Positive news about my luggage made me slowly find my balance and I calmed down with Columbian coffee and a doughnut in hand. My time  alone had ended. Everything changed when America Solidaria contacted me—there were other volunteers at the airport! I wasn’t alone. We saw each other and hugged—and they already knew the tranquility they were bringing me. I was eternally grateful.

And so we left.

Empanadas, Laughter and Stories

A beautiful Tica once told me, “Don’t waste your time missing what you had, we will still be here. Live to the max.”

I’ll never forget her words.

We arrived in Santiago, with its wide streets and green parks. It was spring and the sun felt like the beach. We stayed in a beautiful hostel located in the neighborhood Bellas Artes (one of the prettiest in the city). Light lamps that seemed as if they were floating in mid-air welcomed us. The rooms were gradually filled with people and stories, and I suddenly found myself in between suitcases, bathroom schedules, collective cooking and constant admiration. We all got to know each other very well.

We were 42 people from different places: Mexico, Honduras, Colombia, Argentina, Uruguay, Guatemala, Chile, Costa Rica, Paraguay, Perú and España. Many accents, faces, laughs, incomprehensible words, mockery about how I say my R’s and chaos. Everything was a sea of sounds where the brain is put on alert 24/7 to try and process everything new, everything intense.

Intercultural Santiago


“Maeee!” I heard from far away—Meli, the other Tica that had already arrived to Costa Rica days before, received me for training and greeted me with a big hug. How lucky I was to be Tica! Wherever we are, we are pure joy (side note: this was the first time America Solidaria had brought volunteers from Costa Rica).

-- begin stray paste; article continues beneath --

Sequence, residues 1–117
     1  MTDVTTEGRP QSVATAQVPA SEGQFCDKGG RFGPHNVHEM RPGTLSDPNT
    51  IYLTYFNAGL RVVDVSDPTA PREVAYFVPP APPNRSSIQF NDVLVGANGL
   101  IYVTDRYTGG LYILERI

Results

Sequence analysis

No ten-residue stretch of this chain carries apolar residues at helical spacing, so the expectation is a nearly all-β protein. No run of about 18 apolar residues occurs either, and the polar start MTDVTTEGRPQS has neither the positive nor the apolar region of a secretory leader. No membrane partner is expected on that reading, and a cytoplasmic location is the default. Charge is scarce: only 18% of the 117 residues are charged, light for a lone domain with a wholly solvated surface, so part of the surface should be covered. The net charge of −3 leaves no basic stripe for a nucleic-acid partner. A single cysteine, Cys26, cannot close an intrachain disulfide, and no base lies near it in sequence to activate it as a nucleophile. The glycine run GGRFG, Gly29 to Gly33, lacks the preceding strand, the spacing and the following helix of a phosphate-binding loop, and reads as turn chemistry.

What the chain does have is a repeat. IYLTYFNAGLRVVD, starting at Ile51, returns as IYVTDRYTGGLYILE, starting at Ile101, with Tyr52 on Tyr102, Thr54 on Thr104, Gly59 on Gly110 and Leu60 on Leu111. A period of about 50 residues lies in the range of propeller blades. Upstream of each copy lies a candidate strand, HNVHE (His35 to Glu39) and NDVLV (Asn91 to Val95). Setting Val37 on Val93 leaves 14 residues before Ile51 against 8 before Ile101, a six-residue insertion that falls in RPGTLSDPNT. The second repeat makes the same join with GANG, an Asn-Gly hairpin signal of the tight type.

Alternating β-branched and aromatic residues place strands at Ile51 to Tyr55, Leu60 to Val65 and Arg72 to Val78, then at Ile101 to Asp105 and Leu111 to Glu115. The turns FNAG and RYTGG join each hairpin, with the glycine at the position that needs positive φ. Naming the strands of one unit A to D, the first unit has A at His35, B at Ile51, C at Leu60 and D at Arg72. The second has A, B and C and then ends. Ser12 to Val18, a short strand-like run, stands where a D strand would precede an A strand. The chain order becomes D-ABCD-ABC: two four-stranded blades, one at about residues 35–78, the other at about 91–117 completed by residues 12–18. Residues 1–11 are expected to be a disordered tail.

The days were full of technical learning, talks, processes, an imposing sun, Chilean empanadas, austerity, looking for wifi, cigarette butts, eternal walks, the Women’s March, visiting my boyfriend, evenings with friends and nights out dancing (special thanks to Colombia). I could not have asked for a more complete experience and better company.

And that’s how training went by, how we got to know one another. 42 people with a dream to change the world and adventured, just like me, were willing to leave everything behind–comfort, love, people and money—to go where they were needed. Dreamers who act. I wish I could somehow send you a bit of the energy that we felt in the room; it moved me to the bone.

Two weeks later, we began forced goodbyes to each of the volunteers. Our time in Santiago had come to a close, but since everyone had missions in Colombia, Chile, Haiti, Bolivia and Guatemala, I kept having to say goodbye, which was very hard. The intensity of emotions the past 15 days had strengthened our bonds.

I said goodbye with tears in my eyes, confident that we would meet again.

Since my life is a novel, I was the last to leave. I will be living with my psycho-social team partner Pablo (from Spain). We boarded a bus to begin our 12 hour trip to our mission for Quilacahuín in Osorno, Chile.

Here’s to a good trip south!